Empowering Patients to Choose Emergency Department Alternatives

By Innovista Health Mar 27, 2023
Empowering Patients to Choose Emergency Department Alternatives

The emergency department (ED) is incredibly important, providing care for acute injuries or traumatic/life-threatening situations. This kind of life-saving care is invaluable to any healthcare system.

However, there are plenty of circumstances where the ED may not be the most appropriate choice. In fact, research shows that nearly 30% of ED visits could be better addressed in a primary care setting. 

Unnecessary ED visits overburden the healthcare system, increasing costs and consuming the time of physicians who need to attend to the acutely ill. Diverting these inappropriate ED encounters could save the healthcare industry billions of dollars and help improve patient outcomes.  

It’s important for patients to know about emergency department alternatives when they need care for non-life-threatening health concerns. Providers can use several tactics to empower patients to choose these care settings when clinically appropriate. Here are a few ways medical offices can help guide patients to the right fit for their healthcare needs. 

“Call Your Doctor First” & Telehealth 

In most cases, a patient’s first choice for services should be their primary care provider (PCP), who knows their medical history and healthcare needs best. This helps to promote the concept of the patient-centered medical home and keeps the trust and valued relationship between doctor and patient at the forefront of healthcare delivery.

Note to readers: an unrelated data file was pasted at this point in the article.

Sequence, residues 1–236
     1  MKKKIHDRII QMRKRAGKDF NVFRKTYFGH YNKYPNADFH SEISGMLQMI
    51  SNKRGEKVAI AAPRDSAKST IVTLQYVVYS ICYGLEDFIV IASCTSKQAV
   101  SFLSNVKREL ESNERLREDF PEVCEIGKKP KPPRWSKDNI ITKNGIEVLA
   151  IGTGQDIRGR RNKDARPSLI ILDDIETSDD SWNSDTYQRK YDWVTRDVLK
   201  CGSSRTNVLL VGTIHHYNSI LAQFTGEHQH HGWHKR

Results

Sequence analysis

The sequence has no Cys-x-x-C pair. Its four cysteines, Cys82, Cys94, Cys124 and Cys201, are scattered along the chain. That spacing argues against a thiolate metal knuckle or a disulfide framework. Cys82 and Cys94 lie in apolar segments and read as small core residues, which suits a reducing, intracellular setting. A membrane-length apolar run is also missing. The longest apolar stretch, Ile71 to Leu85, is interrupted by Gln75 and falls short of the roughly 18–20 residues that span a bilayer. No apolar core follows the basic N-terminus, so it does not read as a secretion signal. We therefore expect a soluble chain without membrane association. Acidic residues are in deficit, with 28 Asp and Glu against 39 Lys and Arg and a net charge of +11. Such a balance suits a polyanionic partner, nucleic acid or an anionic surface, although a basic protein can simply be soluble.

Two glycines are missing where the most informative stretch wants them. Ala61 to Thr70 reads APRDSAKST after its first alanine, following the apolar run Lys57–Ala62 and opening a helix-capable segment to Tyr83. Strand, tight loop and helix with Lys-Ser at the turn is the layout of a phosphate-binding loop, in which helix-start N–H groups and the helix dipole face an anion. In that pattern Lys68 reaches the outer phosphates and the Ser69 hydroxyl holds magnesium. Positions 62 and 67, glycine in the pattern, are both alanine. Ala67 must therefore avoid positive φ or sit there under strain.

Hanging “Call Your Doctor First” signs in the waiting and exam rooms is a subtle yet direct way to tell patients they should contact their PCP when they suspect they have a non-emergency concern.  

Office staff should also be educated and trained on procedures to help guide their members away from inappropriate ED use. One of the key reasons for ED overutilization is lack of access to the PCP. Offices need to be mindful of creating an office schedule that allows for same-day sick visits or devising an alternate plan should they not be able to accommodate the patient.

One of these alternatives may be telehealth, nurse lines, or other forms of virtual care. All of these services are easy, cost-effective ways for patients to get the information they need to make educated decisions about next steps. A recent study found that virtual care reduced unnecessary ED visits by 19%. Other research looking into the benefits of a telemedicine program for people with diabetes showed that it decreased ED visits from eight to 2.5 per year. Many telehealth or nurse line services are benefits offered by some insurance plans at no additional cost to the member. 

Finally, at checkout, office staff should instruct patients to call their PCP for advice or guidance if any problems develop. Offices should also provide guidance via voicemail and on-call services for any after-hour concerns. 

Focus on Preventive Care 

A key component to healthy outcomes is providing preventive care and services to address social determinants of health (SDOHs). Doctors can employ several preventive care strategies that can improve patient well-being, provider satisfaction scores, and ED overutilization rates. 

  • Ask about medication adherence at every visit and delete any medication the patient is not using. 
  • Ask about SDOHs. (Use FindHelp.org or refer patients to a care management team.) 
  • Contact and schedule appointments for patients who have not had an annual wellness visit in a year or more. 
  • Inquire about mental health needs and provide resources, if needed. (Utilize a depression screening tool such as the PHQ-9.)